A Roman cavalry rider and his horse - copyright Ben Blackall

Looking after Cavalry horses

Roman cavalry horses would need to be well looked after in order to perform their duties.

Hungry horses

A cavalry horse would probably need a similar amount of food to a modern three-day eventing horse, roughly 12 kgs a day.

For 500 horses the army would need to find 600 tons of grain per year (barley or oats). They would have also needed hay and access to grazing. The Tyne Valley is a rich agricultural zone which would have made providing these supplies easier. However at least 425 acres of farmland would have been needed to produce this amount of grain.

Stables or fields?

Modern and ancient authors agree that it is better for a horse to be allowed time out of the stable. A sizeable amount of land would be needed to give 500 horses space to graze and stretch their legs.

Equally the cavalrymen would have needed to exercise their horses, and not just on rides out in the countryside. Evidence for a training arena, called a gyrus, was found at Lunt Roman fort near Coventry. This sort of space would have allowed the cavalryman to drill his horse, teaching it to carry out manoeuvres.

Grooming

Ancient authors recommended that a horse should be groomed daily, whilst one suggested that the legs and body should be massaged. Another said that the back should be rubbed by hand to avoid hurting the horse with a rough tool. We assume combs and brushes were used, as today, but they rarely survive.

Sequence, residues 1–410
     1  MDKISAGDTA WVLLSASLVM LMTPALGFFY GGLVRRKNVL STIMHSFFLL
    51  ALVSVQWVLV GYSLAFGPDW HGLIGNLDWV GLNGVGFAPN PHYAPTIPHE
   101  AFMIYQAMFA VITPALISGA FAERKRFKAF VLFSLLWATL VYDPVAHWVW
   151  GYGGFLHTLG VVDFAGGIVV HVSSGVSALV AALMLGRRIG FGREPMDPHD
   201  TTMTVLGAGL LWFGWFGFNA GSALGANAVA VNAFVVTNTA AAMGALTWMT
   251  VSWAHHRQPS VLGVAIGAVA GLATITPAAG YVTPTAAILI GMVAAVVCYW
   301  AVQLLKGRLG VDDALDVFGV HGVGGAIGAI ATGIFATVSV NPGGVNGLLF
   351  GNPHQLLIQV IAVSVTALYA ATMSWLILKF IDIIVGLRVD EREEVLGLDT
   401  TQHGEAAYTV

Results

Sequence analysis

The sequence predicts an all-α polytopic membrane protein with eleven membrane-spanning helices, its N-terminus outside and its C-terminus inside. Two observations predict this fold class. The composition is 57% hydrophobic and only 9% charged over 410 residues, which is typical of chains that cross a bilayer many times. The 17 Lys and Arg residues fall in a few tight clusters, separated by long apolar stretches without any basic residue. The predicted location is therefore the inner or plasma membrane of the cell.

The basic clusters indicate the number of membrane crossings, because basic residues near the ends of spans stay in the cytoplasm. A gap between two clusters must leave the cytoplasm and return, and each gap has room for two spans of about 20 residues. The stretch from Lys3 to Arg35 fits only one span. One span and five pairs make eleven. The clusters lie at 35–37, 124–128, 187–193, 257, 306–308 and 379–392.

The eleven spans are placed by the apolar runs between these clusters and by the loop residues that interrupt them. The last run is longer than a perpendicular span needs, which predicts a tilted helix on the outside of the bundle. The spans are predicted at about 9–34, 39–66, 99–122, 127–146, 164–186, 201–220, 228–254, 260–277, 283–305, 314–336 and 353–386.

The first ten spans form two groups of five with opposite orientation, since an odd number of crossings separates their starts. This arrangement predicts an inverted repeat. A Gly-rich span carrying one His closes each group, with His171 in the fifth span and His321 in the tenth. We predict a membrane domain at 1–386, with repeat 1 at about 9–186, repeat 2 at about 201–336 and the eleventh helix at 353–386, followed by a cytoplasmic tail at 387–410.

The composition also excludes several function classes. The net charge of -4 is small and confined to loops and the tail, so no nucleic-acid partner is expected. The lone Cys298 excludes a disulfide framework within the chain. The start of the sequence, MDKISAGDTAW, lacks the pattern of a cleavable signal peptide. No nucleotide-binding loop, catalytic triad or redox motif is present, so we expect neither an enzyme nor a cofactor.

Mucking out

Stabling a horse involved a lot of work. The stable floor had to be kept dry to keep the horse’s hooves healthy, so it was cleaned daily. There is much debate as to whether cavalrymen carried out these duties themselves, or had grooms (calones) to help with this.

An average horse produces 23 kg of faeces and urine per day. With straw from the bedding, the whole ala would create almost 6500 tons of manure each year. This is the weight of 55 blue whales or 800 elephants.

Victor says...

Cartoon of Victor the cavalryman, looking happy on a horse"According to rumours, Emperor Nero's mules wore silver shoes. Nero was emperor 54 - 68 AD and was famous for his extravagance."

 

 

 

 

 

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Uncover more about Rome's elite horsemen in our Hadrian's Cavalry section.

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